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92
Bayesian Analysis of Stochastic Volatility Models
, 1994
"... this article is to develop new methods for inference and prediction in a simple class of stochastic volatility models in which logarithm of conditional volatility follows an autoregressive (AR) times series model. Unlike the autoregressive conditional heteroscedasticity (ARCH) and gener alized ARCH ..."
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Cited by 371 (21 self)
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this article is to develop new methods for inference and prediction in a simple class of stochastic volatility models in which logarithm of conditional volatility follows an autoregressive (AR) times series model. Unlike the autoregressive conditional heteroscedasticity (ARCH) and gener alized ARCH (GARCH) models [see Bollerslev, Chou, and Kroner (1992) for a survey of ARCH modeling], both the mean and logvolatility equations have separate error terms. The ease of evaluating the ARCH likelihood function and the ability of the ARCH specification to accommodate the timevarying volatility found in many economic time series has fostered an explosion in the use of ARCH models. On the other hand, the likelihood function for stochastic volatility models is difficult to evaluate, and hence these models have had limited empirical application
Modeling and Forecasting Realized Volatility
, 2002
"... this paper is built. First, although raw returns are clearly leptokurtic, returns standardized by realized volatilities are approximately Gaussian. Second, although the distributions of realized volatilities are clearly rightskewed, the distributions of the logarithms of realized volatilities are a ..."
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Cited by 265 (34 self)
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this paper is built. First, although raw returns are clearly leptokurtic, returns standardized by realized volatilities are approximately Gaussian. Second, although the distributions of realized volatilities are clearly rightskewed, the distributions of the logarithms of realized volatilities are approximately Gaussian. Third, the longrun dynamics of realized logarithmic volatilities are well approximated by a fractionallyintegrated longmemory process. Motivated by the three ABDL empirical regularities, we proceed to estimate and evaluate a multivariate model for the logarithmic realized volatilities: a fractionallyintegrated Gaussian vector autoregression (VAR) . Importantly, our approach explicitly permits measurement errors in the realized volatilities. Comparing the resulting volatility forecasts to those obtained from currently popular daily volatility models and more complicated highfrequency models, we find that our simple Gaussian VAR forecasts generally produce superior forecasts. Furthermore, we show that, given the theoretically motivated and empirically plausible assumption of normally distributed returns conditional on the realized volatilities, the resulting lognormalnormal mixture forecast distribution provides conditionally wellcalibrated density forecasts of returns, from which we obtain accurate estimates of conditional return quantiles. In the remainder of this paper, we proceed as follows. We begin in section 2 by formally developing the relevant quadratic variation theory within a standard frictionless arbitragefree multivariate pricing environment. In section 3 we discuss the practical construction of realized volatilities from highfrequency foreign exchange returns. Next, in section 4 we summarize the salient distributional features of r...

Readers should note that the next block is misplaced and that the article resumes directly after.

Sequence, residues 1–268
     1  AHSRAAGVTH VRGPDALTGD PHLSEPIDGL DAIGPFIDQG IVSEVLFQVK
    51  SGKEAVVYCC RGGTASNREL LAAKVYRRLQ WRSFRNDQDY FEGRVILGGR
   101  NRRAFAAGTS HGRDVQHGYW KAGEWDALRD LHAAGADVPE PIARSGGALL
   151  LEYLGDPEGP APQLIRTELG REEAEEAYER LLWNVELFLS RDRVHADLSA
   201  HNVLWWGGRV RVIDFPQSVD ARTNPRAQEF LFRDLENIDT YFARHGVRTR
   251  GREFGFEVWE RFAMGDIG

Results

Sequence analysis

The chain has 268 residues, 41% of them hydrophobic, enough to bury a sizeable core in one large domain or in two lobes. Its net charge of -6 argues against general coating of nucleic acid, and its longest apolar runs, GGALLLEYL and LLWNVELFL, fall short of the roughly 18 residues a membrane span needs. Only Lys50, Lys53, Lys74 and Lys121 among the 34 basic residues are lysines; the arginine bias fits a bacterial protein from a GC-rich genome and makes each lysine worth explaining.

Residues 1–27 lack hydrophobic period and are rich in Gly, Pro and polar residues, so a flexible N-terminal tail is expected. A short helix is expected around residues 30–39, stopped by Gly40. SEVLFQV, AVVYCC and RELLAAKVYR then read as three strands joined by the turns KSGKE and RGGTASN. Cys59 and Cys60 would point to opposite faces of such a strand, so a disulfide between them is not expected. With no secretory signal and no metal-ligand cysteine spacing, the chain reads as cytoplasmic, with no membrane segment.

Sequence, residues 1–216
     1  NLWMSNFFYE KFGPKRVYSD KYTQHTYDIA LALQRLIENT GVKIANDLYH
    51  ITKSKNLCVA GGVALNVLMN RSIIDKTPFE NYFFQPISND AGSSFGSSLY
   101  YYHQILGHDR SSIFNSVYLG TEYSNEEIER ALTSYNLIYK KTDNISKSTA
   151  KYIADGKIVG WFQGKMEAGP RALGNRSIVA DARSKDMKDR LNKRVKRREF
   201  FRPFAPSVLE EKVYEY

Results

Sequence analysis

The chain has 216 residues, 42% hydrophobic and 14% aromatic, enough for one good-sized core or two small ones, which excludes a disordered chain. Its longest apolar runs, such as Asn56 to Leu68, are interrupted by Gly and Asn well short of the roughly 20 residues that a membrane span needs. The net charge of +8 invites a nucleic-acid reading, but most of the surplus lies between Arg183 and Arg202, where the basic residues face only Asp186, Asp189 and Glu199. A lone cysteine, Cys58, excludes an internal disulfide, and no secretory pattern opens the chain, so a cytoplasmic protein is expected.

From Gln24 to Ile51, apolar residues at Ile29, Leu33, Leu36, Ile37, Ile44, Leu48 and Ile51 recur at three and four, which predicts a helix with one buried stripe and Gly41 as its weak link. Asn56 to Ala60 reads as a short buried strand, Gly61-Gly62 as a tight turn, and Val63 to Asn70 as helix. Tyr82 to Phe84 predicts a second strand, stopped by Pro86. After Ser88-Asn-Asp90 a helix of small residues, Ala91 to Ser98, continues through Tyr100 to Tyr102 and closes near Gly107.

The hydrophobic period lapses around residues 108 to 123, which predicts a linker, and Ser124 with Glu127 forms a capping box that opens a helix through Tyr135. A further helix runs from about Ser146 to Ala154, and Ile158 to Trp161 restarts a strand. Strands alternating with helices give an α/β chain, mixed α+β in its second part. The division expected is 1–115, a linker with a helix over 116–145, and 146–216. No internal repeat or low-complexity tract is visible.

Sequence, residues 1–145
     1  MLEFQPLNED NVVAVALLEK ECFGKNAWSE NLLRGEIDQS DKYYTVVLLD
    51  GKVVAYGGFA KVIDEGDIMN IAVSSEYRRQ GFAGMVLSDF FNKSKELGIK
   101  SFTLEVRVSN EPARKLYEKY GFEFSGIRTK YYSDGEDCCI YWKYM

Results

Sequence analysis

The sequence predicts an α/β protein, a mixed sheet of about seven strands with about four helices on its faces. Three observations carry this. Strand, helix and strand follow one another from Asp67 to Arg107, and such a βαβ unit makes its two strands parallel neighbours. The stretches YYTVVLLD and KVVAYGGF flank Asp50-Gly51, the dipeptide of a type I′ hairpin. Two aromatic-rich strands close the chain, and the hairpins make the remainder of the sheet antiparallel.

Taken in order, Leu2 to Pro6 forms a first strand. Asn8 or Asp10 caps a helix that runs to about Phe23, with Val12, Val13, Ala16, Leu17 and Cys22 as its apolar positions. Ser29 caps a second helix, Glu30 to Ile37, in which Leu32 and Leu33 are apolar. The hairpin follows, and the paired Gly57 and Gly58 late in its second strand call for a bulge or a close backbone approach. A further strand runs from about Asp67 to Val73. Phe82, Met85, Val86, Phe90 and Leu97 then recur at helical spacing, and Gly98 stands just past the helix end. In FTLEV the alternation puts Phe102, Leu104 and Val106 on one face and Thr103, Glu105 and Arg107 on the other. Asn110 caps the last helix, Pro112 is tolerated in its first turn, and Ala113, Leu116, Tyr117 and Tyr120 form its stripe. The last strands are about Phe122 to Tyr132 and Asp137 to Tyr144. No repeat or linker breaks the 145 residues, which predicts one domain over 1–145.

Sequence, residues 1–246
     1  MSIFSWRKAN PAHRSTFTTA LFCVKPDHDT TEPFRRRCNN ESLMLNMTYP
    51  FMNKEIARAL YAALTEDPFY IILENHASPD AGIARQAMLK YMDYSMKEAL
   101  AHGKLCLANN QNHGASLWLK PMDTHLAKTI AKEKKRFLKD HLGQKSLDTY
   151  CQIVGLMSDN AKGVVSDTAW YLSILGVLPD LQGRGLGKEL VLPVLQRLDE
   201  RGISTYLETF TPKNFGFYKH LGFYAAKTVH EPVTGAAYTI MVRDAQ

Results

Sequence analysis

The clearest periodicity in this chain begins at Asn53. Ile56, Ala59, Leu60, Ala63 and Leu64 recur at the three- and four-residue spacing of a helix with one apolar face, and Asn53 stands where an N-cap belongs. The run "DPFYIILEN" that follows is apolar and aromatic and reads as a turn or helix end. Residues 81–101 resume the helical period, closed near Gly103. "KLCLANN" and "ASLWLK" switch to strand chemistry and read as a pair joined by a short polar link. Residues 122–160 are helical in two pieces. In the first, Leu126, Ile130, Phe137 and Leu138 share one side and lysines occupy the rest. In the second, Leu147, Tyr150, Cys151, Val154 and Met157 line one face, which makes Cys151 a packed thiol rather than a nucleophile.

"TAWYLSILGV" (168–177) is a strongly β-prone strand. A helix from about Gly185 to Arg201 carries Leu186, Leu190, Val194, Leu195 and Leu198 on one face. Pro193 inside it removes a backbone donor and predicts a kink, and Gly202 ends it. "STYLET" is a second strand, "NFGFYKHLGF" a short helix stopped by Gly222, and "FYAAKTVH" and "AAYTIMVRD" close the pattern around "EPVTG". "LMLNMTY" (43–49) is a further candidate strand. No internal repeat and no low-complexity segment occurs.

The Distribution of Realized Exchange Rate Volatility
 Journal of the American Statistical Association
, 2001
"... Using highfrequency data on deutschemark and yen returns against the dollar, we construct modelfree estimates of daily exchange rate volatility and correlation that cover an entire decade. Our estimates, termed realized volatilities and correlations, are not only modelfree, but also approximately ..."
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Cited by 150 (17 self)
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Using highfrequency data on deutschemark and yen returns against the dollar, we construct modelfree estimates of daily exchange rate volatility and correlation that cover an entire decade. Our estimates, termed realized volatilities and correlations, are not only modelfree, but also approximately free of measurement error under general conditions, which we discuss in detail. Hence, for practical purposes, we may treat the exchange rate volatilities and correlations as observed rather than latent. We do so, and we characterize their joint distribution, both unconditionally and conditionally. Noteworthy results include a simple normalityinducing volatility transformation, high contemporaneous correlation across volatilities, high correlation between correlation and volatilities, pronounced and persistent dynamics in volatilities and correlations, evidence of longmemory dynamics in volatilities and correlations, and remarkably precise scaling laws under temporal aggregation.
Using Daily Range Data to Calibrate Volatility Diffusions and Extract the Forward Integrated Variance
, 1999
"... A common model for security price dynamics is the continuous time stochastic volatility model. For this model, Hull and White (1987) show that the price of a derivative claim is the conditional expectation of the BlackScholes price with the forward integrated variance replacing the BlackScholes va ..."
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Cited by 64 (3 self)